The top United Nations environmental body today called for urgent action in post-war Iraq, ranging from immediate humanitarian relief and assessing the threat from weapons with depleted uranium, to the longer-term recovery of an environment that has suffered from decades of damage.
"Many environmental problems in Iraq are so alarming that an immediate assessment and a clean-up plan are needed urgently,” said Pekka Haavisto, study chairman of a UN Environment Programme (UNEP) report released in Geneva today. “The environment must be fully integrated into all reconstruction plans if the country is to achieve a strong and sustainable recovery."
Stressing the need for urgent measures to address humanitarian issues, the report cites as priorities restoring water supply and sanitation systems, and cleaning-up possible pollution “hot spots” and waste sites to reduce the risk of disease epidemics from accumulated municipal and medical wastes.
The report says another priority should be a scientific assessment of sites struck with weapons containing depleted uranium (DU). It recommends guidelines be distributed immediately to military and civilian personnel and to the general public on how to minimize the risk of accidental exposure to DU. The intensive use of DU weapons has likely caused environmental contamination of as yet unknown levels and a study would require receiving precise coordinates of the targeted sites from the military.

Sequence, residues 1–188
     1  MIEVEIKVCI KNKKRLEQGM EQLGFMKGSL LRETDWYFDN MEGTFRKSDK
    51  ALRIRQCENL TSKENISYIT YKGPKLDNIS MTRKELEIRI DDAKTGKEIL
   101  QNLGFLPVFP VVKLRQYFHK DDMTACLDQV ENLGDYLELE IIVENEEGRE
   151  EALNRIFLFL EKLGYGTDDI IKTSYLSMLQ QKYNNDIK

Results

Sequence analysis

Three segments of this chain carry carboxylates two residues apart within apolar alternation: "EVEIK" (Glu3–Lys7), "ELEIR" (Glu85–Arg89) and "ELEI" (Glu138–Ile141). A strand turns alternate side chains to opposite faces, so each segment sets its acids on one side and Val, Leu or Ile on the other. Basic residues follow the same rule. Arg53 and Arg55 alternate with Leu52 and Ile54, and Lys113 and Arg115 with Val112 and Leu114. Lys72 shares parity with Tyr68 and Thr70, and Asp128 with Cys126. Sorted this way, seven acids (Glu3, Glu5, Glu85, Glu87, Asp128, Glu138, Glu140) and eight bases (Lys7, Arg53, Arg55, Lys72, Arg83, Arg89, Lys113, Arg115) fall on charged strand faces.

"Environmental protection is a humanitarian issue," UNEP Executive Director Klaus Toepfer said. "Not only do environmental hazards threaten human health and well-being, but they can impede aid operations."
The report says action is needed to integrate environmental protection into the wider post-conflict clean up and reconstruction, including environmental impact studies and the use of environmentally friendly technologies for major reconstruction projects.
Noting the need to build strong national institutions for long-term environmental management, the report declares: “The environment must be treated as a priority issue in the development of democratic governance and institutional structures. Working within a UN framework, national and international experts should be engaged in defining the institutional, legislative, capacity building and resource needs for effective and sustainable environmental management.”